When cancer took Ouma, we lost more than a grandmother.
Reeling from the loss, the tears not dried on their faces, her four sons decided, the farm had to go. Her two daughters’ voices, bitter in its opposition, didn’t carry enough weight to swing the jury’s decision. But they didn’t surrender without a skirmish.
“Matthias, you can’t do this to us.”
‘Father is too old to keep farming.”
“He’s only eighty-three.”
“Sis, you know none of us are farmers.”
“Then let’s rent out the fields, the land—we can keep the homestead . . .”
“The farm has to go.”
“One of the grandsons can—”
“They’re too young and inexperienced.”
“Then teach them.”
“’Tis too late—we have an offer on the table.”
“At what price? It’s a steal!”
“Sorry Sis, but the farm is going.”
Oupa, silent in his sorrow, signed the stipulated documents, allowing his six children to whisk him away—he’d go stay with each one on a rotational basis until the dust “had settled” and clear thinking was more likely.
Finding the buyer for the farm, proved to be the most straightforward task of all. “The price is right, the price is right,” the man brimmed, his smile as wide as his hat; he did things on a larger scale—the farm would become a cattle outpost. When we, the twenty-three grandchildren learned about this, we choked on more than tears. An outpost? Fortunately for the uncles, most of us were too young to understand the full implication, saving them the drama of a full-scale mutiny.
Hartebeeshoek, Hartebeest Corner, was more than a farm—it was the epitome of a stately old place where childhood memories were created on a grandiose scale. Nestled behind a small hill, tucked in by hedges of Eucalyptus and clusters of Pine, Karee, and Kiepersol, the red metal roof house welcomed each and everyone with its expansive porch, wrapped around the front of the place, complete with foot-wide stone walls.
Was there anything more glorious than to wake in the mornings, listening to the turtledoves’ cooing, and the cows lowing in the kraal, waiting to be milked. The only limit to what was possible or conceivable there was one’s imagination.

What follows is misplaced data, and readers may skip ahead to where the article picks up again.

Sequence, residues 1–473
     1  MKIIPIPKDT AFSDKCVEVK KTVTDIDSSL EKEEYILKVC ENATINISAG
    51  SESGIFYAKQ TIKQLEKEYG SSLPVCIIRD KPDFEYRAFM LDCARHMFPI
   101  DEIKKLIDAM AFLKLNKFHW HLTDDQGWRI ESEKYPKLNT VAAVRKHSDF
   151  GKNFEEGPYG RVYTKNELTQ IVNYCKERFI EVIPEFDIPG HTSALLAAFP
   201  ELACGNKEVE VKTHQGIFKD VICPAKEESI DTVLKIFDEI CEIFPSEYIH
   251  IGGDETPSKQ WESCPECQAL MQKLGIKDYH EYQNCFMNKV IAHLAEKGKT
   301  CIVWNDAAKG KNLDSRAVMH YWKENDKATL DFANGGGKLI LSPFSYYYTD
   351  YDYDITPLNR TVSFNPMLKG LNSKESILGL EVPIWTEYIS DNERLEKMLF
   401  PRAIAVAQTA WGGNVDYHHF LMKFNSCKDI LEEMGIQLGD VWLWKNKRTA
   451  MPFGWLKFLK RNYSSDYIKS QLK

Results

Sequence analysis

In a moment of weakness, the uncles agreed to allow us to at least purge the dirt dam of its fish. The dam was sizeable—whenever the rains came that year, it could cover all of two football fields; and on its wall, handfuls of weeping willows gave haven to yellow-billed ducks, swallows, starlings, and weavers.
Purging a dirt dam of its carp, mudfish, and yellowfish is not for the faint of heart. I didn’t know that and had to learn it in a palpable way. The uncles and older cousins saw to the technical detail of the operation. Oh, much planning had to go into such an endeavor. One needed a wide enough pulling net, scooping nets, containers to put the fish in, tables and workspace to gut the fish, and freezer space to store it in afterward. On the matter of who to allow to participate in ‘the big catch,’ no hard and fast rules were enforced. Sensing discontent among the younger guard, the uncles turned a blind eye. If you could swim, you were in.
Like a battalion going into battle, we descended on the dam. The plan was straightforward enough. The adults and oldest cousins would spread out along the length of the net, the tallest at the deepest end. We would slowly walk through from the one side of the dam to the other, chasing the fish into a corner, where a handful of cousins and an uncle would catch the fish by hand and with scooping nets and deliver them to large containers, stationed on the opposite shore.